Over the last 30 years China has gone through a period of unprecedented economic growth. Much of this economic development has occurred in cities and subsequently vast waves of rural-urban migration have ensued. As a result, China’s urban population has doubled over the last decade and for the first time in 2011 the percentage of urban residents outweighed those living in rural areas.
Such migration began in the late 1970s with liberalisation of economic policy and the “opening” of China to the world. Accompanied with the relaxing of the hukou  system millions of migrants rushed to the city in the hope of better futures. These migrations, however, were not uniformly distributed across the country. Certain areas received far higher levels of migrant workers such as the south east and in particular Guangdong, which welcomed 35.4 million people between 1990-2010. This trend was predominantly down to the establishment of 3 special economic zones (SEZ) in Guangdong province. These areas adopted particular liberal free market economic policy with greater trade freedom and as such demand for low-skilled labour was high.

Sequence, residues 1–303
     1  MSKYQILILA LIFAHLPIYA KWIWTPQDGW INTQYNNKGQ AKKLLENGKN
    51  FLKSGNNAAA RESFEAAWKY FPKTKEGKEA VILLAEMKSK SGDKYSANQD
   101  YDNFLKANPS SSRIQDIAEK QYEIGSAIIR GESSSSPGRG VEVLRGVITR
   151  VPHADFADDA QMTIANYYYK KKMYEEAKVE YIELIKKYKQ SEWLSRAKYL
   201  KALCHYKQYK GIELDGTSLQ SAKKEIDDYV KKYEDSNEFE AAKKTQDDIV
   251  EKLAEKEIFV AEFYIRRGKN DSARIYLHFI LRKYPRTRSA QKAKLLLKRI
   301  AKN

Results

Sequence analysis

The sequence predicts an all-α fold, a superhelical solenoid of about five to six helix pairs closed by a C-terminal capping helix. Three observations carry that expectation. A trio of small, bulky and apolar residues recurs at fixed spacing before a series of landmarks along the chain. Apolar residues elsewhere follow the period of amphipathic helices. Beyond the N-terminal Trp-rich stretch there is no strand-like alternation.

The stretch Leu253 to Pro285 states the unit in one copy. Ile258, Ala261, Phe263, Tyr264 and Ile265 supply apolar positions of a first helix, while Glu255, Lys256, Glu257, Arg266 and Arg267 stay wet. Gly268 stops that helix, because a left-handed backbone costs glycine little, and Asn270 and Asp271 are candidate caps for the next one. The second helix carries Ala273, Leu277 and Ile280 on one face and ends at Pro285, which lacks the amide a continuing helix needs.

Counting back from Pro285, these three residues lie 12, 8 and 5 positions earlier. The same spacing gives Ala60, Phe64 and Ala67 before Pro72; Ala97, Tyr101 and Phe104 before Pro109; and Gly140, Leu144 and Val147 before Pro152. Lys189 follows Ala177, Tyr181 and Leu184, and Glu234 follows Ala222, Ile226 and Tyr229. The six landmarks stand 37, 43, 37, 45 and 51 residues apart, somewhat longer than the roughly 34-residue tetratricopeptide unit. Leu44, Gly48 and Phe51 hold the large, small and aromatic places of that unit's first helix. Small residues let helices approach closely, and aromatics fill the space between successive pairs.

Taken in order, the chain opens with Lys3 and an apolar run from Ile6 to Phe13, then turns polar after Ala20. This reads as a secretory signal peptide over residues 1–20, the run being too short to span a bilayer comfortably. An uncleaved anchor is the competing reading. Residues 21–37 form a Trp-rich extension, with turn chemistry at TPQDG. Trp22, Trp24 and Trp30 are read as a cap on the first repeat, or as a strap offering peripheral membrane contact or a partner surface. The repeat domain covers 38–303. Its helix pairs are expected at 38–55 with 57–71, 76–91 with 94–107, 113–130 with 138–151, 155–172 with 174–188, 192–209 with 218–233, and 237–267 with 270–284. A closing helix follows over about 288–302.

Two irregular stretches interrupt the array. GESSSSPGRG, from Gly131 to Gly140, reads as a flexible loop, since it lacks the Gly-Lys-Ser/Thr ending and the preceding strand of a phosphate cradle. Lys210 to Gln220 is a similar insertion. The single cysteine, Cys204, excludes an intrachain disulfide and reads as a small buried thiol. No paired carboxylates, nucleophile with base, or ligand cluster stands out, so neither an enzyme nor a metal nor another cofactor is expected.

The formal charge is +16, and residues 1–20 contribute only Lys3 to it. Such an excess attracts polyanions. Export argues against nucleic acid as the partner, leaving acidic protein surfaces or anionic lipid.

In more recent years (2008-2013) with the development of inland regions migrants are now more able to find employment closer to their hometowns. Increased levels of job opportunities and lower cost of living have made these provinces more attractive to migrants. Of these “2nd tier” regions Hunan has experienced the greatest population growth with a 3.1 million increase since 2008. This is largely due to the presence of Changsha-Zhuzhou-Xiangtan City Cluster and Hunan’s targeted economic growth. The trend looks set to continue with the Chinese Development Bank (CDB) committing 85.3 million Yuan in 2013 to boost Hunan’s continued urbanisation.
Outlook to 2020 implies further growth of the country’s urban centres and will be driven by targets set out in China’s National New-Type Urbanisation Plan. Within this, more urban job opportunities will be created and investment in urban infrastructure targeted. An additional relaxing of the hukou system, so often a deterrent and risk to migration will permit registration by residence as oppose to birthplace. This reform allows individuals more rights in their place of work and will further drive freer movement of workers within China.
 Hukou is a household registration system issued per family, which identifies people as residents of a specific area. If you move out of your registered area the rights received to services such as education and healthcare are diminished. It can be looked on as an internal passport.